Wednesday 1 March 2006

Free Speech is No Excuse to Spam

It seems that some bulk email senders are getting spun up about developments such as Goodmail and Bonded Sender. For example, says it's, "Threatening the Internet as we know it ... The very existence of online civic participation and the free Internet as we know it are under attack."

Balderdash and piffle, say I. Nothing's really changed -- if users are complaining about some email, service providers will block the sender, whether or not they pay some sort of a bond or fee. There's no substantive change here. If you're an existing sender with a good reputation, you should have nothing to worry about -- well, nothing new anyway.

I suspect there's an underlying agenda to some of the moaning. There are some quasi-political and religious groups emailing indiscriminately, and hiding under the flag of Free Speech. That's no excuse -- people will still click the This Is Spam button, and so future mail will get blocked. Just because the message isn't commercial, it doesn't mean that users won't perceive it as spam. I've no sympathy for senders who use those tactics.

My advice to groups who are concerned about their continued ability to communicate legitimately is this: if you find that your email's being blocked, work with your email service provider and that of the recipient to figure out how you should act in the future. Don't act as if it's your deity-given right to send email to whomever you wish. Those that run email services are perfectly entitled to act on user spam complaints. As the saying goes, "My server -- my rules."


Anonymous said...


While I agree that adding filtering mechanisms to the email stream is probably desirable, I'm not sure I trust the folks at AOL to set the standards, especially if they have a financial incentive that shifts loyalty away from the end consumer, and towards the big bulk-mailer.

Having used AOL servers as both a source and a destination for email, I've seen the good and the bad. Sadly, many decisions that are made in the AOL server rooms are never communicated to the users, and are not always very customer friendly.

The expected goal is for the end-user to get the email THEY want, with as little dreck/chaff as possible. Or to contact folks they want, easily, without a wondering if the mail ever went.

I've seen AOL drop mail, rather than spool it during a crash, and never tell anyone that mail was lost, unlike other large ISP's. I've seen people forced to call another AOL users and ASK, did you get the my mail? Or did you send that mail yet? They do that because there is no other way to be certain if the mail is being passed on or blocked.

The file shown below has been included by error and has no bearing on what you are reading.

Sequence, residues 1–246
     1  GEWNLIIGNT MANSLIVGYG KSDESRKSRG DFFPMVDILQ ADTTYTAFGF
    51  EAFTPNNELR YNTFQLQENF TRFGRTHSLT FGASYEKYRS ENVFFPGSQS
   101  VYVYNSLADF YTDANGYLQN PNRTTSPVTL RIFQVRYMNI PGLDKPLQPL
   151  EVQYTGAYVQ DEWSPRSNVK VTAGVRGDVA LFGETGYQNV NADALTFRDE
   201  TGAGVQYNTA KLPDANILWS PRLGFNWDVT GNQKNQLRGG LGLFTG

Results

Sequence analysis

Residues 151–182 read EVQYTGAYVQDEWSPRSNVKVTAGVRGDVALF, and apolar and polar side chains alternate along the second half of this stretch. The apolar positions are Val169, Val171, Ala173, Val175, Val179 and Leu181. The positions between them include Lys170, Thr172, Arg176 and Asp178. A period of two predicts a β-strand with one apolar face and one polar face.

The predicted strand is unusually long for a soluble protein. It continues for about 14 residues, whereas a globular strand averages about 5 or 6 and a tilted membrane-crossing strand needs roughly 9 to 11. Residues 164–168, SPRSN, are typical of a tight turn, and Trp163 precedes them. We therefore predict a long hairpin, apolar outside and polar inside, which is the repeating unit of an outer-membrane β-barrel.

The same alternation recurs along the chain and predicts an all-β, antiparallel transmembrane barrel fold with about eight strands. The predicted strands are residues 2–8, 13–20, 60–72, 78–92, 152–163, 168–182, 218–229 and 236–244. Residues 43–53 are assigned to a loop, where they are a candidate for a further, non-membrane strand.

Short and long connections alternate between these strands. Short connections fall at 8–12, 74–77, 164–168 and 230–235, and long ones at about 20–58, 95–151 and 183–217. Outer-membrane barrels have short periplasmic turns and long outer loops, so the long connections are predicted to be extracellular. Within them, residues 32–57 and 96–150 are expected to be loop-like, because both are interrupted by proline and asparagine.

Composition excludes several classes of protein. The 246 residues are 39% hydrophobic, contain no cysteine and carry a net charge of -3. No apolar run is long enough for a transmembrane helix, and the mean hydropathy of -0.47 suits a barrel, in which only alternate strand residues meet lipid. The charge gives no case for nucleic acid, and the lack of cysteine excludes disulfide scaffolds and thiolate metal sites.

I've seen AOL blacklist mail from trusted senders, without informing either the sender or recipient that items were trashed. Often the only assurance I had that I'd get mail, was to ask senders to duplicate all messages to my Yahoo account as well as my AOL account.

If senders have to jump through hoops without a guarantee of service, AOL users will be the ones to suffer. I'd hope that AOL can find away to provide a guaranteed service for the price, but they have a bad track record to date. It's more likely that GoodMail will just become another excuse for poor service.

BTW - AOL is raising dial-up prices to $25/mo claiming that costs are rising? Is this just another way to wring revenues from a shrinking customer base, without actually providing fair value?

Thank goodness, I have a trusted Gmail and Yahoo account I can depend on. They manage to make anti-Spam work. And the cost ...? Priceless!

Just my opinion,


Anonymous said...


As email veterans, you and I know that for-fee email for the masses ain't gonna happen.

1) Fee-based reputation systems, e.g., Goodmail, BonderSender (from IronPort), Habeas and others rely on adoption by the major and not so major ISPs. Apart from the biggies, there are a zillion consumer ISPs that can't afford and see no benefit to participating in a for-fee reputation system.

2) AOL's adoption of Goodmail's Certified Mail is a significant win; however, at the expense of negative publicity that will have long-lasting effects. The probability that other big consumer ISPs will align with a for-fee reputation provider has been damaged - perhaps beyond repair.

3) Beyond the revenue earned by the authentication providers, Goodmail, email reputation systems most greatly benefit the legit email marketing sender with thousands and tens of thousands of recipient addresses. The email authentication service providers have not and will not target SMBs and consumers.

4) There is no utopia for ensuring that daily, ad hoc email messages are free of spam and malicious code. For fee reputation systems is appropriate for the high-volume legit senders. But it is only one layer of a multitude of spam and avoidance techniques.

5) While on the topic, will for-fee reputation services extend to public network consumer instant messaging? VoIP? Chat rooms? Blogs that allow anonymous comments?

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